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http://dx.doi.org/10.3389/fphar.2020.504624DOI Listing
http://www.ncbi.nlm.nih.gov/pmc/articles/PMC7734347PMC
November 2020

Anti-hyperuricemic and Anti-inflammatory Effects of as Potential Treatment for Gout.

Front Pharmacol 2020 17;11:289. Epub 2020 Mar 17.

Drug and Herbal Research Centre, Faculty of Pharmacy, Universiti Kebangsaan Malaysia, Kuala Lumpur, Malaysia.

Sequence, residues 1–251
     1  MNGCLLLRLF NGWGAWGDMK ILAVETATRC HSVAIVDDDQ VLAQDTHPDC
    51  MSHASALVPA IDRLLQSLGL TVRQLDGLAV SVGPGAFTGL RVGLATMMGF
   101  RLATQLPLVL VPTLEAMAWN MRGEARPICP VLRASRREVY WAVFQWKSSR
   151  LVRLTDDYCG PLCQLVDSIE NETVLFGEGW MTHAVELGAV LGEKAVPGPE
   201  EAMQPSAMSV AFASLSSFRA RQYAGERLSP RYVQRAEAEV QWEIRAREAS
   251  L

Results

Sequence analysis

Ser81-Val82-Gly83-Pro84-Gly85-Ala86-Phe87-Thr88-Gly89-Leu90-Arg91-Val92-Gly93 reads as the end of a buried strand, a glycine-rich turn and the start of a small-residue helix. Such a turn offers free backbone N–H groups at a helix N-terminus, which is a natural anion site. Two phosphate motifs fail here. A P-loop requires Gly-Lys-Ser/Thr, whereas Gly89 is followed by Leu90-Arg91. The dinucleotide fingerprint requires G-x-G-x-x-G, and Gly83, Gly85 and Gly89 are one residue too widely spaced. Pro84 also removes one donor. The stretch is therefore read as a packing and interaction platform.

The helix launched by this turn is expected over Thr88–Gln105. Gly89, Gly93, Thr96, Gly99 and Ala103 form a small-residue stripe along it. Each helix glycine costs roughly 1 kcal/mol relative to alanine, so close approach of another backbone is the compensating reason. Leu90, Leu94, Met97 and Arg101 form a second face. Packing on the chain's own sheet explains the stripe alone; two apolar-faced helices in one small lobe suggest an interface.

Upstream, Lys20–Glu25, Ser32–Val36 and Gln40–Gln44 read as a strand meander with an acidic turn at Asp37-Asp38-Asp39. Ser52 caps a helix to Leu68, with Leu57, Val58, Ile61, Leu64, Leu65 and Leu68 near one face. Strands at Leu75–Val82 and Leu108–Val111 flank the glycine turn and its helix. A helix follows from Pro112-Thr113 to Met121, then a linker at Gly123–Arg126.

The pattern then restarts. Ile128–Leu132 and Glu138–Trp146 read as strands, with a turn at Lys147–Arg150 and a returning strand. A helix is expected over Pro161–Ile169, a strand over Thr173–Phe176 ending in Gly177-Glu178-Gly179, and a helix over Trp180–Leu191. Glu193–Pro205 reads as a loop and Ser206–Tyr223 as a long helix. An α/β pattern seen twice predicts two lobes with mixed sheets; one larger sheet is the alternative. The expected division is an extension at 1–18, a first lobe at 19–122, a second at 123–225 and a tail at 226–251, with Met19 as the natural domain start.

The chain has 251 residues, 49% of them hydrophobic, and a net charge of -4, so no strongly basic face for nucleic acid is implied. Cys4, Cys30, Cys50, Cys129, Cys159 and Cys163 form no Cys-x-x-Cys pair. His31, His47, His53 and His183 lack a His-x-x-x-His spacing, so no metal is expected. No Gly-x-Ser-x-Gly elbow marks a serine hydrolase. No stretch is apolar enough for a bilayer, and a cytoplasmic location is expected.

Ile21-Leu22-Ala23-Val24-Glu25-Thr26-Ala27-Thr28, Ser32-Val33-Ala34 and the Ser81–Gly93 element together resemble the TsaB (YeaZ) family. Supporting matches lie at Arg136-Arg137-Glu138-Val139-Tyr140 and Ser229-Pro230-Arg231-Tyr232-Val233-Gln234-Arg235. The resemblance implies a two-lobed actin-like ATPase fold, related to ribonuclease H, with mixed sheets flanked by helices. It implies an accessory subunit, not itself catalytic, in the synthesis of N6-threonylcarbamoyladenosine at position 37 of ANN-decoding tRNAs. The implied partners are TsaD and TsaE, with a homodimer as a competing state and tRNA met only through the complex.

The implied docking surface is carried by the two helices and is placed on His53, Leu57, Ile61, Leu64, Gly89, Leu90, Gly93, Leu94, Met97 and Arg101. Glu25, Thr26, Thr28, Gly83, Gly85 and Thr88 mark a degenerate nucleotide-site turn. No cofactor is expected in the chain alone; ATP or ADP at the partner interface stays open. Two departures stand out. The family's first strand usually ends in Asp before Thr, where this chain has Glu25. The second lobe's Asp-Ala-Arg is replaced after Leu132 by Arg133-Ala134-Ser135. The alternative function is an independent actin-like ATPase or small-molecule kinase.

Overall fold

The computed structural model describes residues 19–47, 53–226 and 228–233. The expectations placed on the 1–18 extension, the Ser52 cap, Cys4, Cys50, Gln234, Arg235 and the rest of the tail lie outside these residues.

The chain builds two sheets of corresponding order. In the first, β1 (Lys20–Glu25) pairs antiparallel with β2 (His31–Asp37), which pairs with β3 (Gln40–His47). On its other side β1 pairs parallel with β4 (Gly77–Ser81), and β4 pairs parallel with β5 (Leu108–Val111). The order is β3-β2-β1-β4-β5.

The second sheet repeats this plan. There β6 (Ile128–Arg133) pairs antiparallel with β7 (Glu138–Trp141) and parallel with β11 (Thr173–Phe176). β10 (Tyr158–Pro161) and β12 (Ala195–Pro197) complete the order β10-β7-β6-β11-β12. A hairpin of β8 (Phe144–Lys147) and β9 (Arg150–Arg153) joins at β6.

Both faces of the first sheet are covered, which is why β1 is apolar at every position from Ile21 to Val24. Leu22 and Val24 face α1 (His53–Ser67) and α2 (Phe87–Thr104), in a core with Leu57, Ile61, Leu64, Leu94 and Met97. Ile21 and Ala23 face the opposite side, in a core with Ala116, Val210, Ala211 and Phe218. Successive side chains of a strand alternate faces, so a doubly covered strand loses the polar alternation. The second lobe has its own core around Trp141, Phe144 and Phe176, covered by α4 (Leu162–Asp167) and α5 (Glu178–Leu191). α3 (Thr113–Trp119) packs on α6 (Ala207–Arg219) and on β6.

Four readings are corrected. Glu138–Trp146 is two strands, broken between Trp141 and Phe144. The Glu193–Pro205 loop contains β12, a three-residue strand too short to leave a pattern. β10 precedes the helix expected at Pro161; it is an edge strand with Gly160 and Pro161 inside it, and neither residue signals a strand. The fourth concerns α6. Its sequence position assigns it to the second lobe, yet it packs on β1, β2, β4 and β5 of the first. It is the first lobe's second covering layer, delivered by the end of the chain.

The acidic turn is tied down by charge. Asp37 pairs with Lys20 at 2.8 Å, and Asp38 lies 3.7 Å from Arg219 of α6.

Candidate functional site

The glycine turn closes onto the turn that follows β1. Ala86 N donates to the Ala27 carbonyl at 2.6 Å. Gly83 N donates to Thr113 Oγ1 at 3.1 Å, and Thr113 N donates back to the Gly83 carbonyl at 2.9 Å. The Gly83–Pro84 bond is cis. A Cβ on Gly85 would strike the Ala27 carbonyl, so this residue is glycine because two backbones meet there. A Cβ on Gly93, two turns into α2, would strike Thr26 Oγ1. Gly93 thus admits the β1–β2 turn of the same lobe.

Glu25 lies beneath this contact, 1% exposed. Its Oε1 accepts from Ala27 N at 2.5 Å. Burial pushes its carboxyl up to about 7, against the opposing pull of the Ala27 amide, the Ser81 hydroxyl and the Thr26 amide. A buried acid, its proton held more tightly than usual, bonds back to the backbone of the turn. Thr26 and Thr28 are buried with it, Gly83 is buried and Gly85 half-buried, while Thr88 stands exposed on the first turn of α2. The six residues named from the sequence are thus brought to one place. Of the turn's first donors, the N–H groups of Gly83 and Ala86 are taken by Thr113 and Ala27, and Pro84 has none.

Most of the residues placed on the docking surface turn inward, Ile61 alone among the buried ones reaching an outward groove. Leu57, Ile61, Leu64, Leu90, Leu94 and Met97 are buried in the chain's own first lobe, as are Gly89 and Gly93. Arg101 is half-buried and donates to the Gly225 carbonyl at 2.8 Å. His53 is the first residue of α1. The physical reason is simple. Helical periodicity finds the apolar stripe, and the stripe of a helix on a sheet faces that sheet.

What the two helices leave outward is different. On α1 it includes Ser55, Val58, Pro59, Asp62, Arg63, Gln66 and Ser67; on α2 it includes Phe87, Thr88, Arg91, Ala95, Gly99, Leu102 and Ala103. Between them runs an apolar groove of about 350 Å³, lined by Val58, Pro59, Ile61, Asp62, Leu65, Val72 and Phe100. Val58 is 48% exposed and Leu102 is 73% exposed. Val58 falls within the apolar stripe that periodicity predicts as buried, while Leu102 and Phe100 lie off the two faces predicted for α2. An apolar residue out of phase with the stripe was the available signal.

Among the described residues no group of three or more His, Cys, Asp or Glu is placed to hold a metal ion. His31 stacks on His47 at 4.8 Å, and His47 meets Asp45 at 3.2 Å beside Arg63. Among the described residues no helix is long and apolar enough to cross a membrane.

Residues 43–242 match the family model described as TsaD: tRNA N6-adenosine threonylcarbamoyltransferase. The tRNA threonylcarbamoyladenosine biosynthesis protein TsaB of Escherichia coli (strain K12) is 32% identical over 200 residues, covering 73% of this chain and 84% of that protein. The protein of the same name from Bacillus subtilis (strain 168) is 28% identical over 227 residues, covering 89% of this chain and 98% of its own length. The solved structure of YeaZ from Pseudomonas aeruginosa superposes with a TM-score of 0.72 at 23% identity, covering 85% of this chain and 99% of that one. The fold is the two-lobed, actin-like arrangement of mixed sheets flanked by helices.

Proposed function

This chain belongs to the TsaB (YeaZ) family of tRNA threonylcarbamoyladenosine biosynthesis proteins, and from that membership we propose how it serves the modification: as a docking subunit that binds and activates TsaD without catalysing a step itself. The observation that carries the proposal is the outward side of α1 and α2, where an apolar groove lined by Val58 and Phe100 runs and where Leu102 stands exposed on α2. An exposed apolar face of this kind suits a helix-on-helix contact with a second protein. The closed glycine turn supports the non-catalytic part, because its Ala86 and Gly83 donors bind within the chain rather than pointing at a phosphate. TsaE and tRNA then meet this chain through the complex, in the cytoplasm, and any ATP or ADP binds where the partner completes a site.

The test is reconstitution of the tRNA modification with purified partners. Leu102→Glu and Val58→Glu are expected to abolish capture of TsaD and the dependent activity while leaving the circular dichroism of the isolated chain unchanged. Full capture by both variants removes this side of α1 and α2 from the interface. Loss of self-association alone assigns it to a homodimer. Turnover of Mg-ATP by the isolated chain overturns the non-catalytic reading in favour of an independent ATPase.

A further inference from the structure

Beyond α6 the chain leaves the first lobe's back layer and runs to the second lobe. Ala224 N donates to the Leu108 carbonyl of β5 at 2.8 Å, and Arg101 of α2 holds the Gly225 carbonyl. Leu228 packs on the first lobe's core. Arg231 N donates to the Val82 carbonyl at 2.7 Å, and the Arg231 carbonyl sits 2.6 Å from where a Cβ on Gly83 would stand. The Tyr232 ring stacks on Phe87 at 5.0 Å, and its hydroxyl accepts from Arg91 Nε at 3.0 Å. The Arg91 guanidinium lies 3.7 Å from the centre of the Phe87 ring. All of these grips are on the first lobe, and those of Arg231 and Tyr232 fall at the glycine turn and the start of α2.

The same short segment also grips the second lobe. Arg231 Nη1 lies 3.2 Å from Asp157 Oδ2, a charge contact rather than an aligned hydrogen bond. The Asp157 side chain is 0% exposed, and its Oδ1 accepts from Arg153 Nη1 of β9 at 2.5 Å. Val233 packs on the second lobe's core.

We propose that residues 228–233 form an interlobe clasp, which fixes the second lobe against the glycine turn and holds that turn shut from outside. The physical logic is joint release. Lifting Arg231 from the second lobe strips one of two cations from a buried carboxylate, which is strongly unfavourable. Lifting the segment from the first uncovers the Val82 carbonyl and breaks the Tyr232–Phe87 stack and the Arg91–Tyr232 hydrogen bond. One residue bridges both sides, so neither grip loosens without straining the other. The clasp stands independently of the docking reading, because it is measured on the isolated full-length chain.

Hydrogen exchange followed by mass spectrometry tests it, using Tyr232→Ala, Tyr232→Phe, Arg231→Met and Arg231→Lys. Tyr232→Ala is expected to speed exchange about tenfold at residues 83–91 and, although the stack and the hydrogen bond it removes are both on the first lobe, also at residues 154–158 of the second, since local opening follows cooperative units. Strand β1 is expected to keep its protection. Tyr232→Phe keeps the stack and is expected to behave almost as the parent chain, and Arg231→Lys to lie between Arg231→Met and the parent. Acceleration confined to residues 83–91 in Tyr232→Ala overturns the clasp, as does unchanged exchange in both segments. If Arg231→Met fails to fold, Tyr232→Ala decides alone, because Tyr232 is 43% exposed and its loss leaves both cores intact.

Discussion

(Primulaceae) has been used in Malaysian folk medicine to help women regain strength after delivery and for "sickness in the bones." It was previously revealed that its extracts inhibited xanthine oxidase (XO) activity . The leaves and roots of var. (MPA), var. (MPP), and var. (MPL) were individually extracted in ethanol (80%). The anti-hyperuricemic activity was initially assessed by XO inhibition with a spectrophotometric assay. The most active extract was further investigated on hyperuricemic rat model induced by potassium oxonate to determine serum uric acid levels and liver XO effect. The anti-inflammatory activity was carried out on monosodium urate (MSU) crystal-induced pro-inflammatory cytokines (i.e., interleukin (IL)1α, IL-1β, IL-6, IL-8, and tumor necrosis factor (TNF)-α) secretion using human peripheral blood mononuclear cells and ELISA technique, and prostaglandin E (PGE)secretion using radioimmunoassay. The active extract was then investigated on gout-induced inflammation with MSU crystals to determine pro-inflammatory cytokines and PGE secretion levels in the synovial fluid of rat knee joint. Quantitative analysis using validated HPLC was performed on the extracts to determine presence of bioactive flavonoids. The findings revealed that extract of MPP leaves gave the highest inhibitory activity on XO (IC 130.5 μg/mL) compared to other extracts tested. However, all extracts possessed significantly lower activity compared to allopurinol (IC 0.13 μg/mL). Oral administration of MPP leaf extract (200 mg/kg) significantly reduced serum uric acid level in hyperuricemic rats in time-dependent manner to the baseline level and it was as effective as allopurinol (5 mg/kg). The extract also inhibited liver XO activity (25%) compared to allopurinol (45%). anti-inflammatory assay showed that extract of MPP roots inhibited MSU crystals-induced secretion of IL-1α, IL-1β, IL-8, TNF-α, and PGE with IC values of 36, 25, 38, 18, and 46 μg/mL, respectively. Oral administration of the MPP root extract (200 mg/kg) significantly decreased IL-1α, IL-1β, IL-6, TNF-α, and PGE levels in rat's synovial fluid as effective as indomethacin. There were no significant body weight changes of all experimental animals. MPP extracts showed presence of myricetin, quercetin and kaempferol. Myricetin was detected with values of 0.2 and 0.6 mg/g for root and leaf extracts, respectively. The anti-hyperuricemic of MPP leaf and anti-inflammatory of MPP root indicated that MPP may be promising for complementary therapy of gout.